In fact it is a kind of industrial revolution. Industry is our ruling paradigm, here in the West. The factory and its machines and the way they work: reliable, steady, monotonous, turning our widgets at so many per hour from dawn till dusk – or better still, around the clock – have become the measure of all things.

European settlers in places like Australia and New Guinea were baffled and frustrated when their local workers turned up every morning for weeks and then disappeared for days on end for no apparent reason. The aboriginal concept of ‘going walkabout’ was—and probably still remains—totally incomprehensible to the Western industrial mind. (You want to work for me? OK, you report for duty every day of the year except for the miserable couple of weeks of annual leave I’m obliged to give you. Thank goodness my machines don’t ask for time off. If they break I replace them immediately.)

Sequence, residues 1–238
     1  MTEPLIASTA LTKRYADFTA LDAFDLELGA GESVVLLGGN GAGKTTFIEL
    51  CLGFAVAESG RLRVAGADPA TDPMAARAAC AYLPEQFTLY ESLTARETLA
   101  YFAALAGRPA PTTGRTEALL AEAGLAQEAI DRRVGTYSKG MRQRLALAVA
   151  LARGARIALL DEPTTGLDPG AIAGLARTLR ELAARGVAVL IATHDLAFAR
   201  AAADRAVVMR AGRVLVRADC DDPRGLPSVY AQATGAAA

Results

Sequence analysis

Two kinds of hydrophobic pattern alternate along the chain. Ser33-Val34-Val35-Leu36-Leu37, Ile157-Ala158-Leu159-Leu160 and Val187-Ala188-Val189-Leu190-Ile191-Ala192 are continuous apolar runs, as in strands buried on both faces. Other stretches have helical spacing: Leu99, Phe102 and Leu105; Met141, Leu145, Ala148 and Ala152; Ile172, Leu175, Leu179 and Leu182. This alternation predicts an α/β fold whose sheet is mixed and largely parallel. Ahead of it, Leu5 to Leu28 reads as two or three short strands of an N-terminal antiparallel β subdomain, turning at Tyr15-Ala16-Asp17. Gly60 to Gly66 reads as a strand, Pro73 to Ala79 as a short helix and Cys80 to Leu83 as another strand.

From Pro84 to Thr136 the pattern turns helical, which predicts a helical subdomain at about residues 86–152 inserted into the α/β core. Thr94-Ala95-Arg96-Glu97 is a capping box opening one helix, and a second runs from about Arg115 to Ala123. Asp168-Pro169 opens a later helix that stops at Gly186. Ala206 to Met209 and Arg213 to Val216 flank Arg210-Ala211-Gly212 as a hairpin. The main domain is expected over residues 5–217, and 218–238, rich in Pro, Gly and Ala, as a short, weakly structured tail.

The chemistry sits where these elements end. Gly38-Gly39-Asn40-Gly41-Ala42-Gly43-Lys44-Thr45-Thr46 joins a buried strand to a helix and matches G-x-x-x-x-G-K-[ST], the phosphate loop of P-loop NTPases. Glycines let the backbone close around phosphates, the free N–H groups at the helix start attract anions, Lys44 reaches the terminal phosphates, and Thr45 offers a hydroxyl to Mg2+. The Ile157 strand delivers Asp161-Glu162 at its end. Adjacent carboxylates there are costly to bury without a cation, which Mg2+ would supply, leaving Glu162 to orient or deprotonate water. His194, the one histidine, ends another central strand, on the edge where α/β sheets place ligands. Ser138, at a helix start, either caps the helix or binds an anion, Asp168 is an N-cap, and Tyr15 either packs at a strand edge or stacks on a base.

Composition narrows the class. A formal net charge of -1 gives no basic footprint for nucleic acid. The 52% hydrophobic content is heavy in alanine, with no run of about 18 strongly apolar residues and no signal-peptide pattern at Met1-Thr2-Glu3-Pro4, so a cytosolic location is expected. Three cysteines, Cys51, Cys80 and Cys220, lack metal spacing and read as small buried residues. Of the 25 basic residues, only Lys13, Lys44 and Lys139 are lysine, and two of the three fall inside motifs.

So pervasive is this way of thinking that we expect ourselves to be machines too. We demand reliability, predictability, regularity. We treat our bodies as though they were motor cars, expecting them to perform for us on command, in the same way, every day, no matter what.